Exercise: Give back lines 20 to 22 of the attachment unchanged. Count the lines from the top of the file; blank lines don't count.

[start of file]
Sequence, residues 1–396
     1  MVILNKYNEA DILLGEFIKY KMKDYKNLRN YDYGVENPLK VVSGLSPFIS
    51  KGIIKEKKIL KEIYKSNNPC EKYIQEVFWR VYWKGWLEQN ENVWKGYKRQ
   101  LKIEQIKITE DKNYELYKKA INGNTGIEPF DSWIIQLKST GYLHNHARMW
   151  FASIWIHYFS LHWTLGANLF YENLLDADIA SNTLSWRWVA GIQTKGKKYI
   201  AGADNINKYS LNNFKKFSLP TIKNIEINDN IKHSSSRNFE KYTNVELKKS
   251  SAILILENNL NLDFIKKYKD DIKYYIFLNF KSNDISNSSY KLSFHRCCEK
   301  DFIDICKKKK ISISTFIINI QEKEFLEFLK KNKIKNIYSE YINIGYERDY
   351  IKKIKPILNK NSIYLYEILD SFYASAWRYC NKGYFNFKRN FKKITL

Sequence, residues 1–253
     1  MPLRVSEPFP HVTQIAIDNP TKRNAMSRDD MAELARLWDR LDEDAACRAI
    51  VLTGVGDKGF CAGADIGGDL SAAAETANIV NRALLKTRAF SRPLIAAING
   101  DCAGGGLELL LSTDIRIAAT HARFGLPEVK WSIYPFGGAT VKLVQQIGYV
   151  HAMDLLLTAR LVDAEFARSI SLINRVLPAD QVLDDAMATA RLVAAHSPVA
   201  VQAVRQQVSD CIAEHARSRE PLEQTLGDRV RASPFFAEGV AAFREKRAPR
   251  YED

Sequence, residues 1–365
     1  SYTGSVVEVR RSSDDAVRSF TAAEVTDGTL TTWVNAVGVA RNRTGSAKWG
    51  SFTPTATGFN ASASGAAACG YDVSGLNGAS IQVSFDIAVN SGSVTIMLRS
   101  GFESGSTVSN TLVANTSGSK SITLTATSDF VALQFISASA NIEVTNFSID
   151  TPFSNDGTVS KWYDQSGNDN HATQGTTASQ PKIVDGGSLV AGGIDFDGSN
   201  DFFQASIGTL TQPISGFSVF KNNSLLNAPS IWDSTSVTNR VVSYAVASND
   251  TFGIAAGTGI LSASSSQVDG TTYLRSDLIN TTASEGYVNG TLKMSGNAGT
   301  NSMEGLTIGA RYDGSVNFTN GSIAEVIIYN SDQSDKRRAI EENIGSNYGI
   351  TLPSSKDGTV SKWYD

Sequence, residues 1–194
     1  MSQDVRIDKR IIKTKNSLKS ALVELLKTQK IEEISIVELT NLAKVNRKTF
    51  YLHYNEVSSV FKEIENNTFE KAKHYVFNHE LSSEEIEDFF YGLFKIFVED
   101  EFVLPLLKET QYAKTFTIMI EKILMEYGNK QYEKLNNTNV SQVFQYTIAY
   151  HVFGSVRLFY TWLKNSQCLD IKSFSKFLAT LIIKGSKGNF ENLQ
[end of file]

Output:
   101  GFESGSTVSN TLVANTSGSK SITLTATSDF VALQFISASA NIEVTNFSID
   151  TPFSNDGTVS KWYDQSGNDN HATQGTTASQ PKIVDGGSLV AGGIDFDGSN
   201  DFFQASIGTL TQPISGFSVF KNNSLLNAPS IWDSTSVTNR VVSYAVASND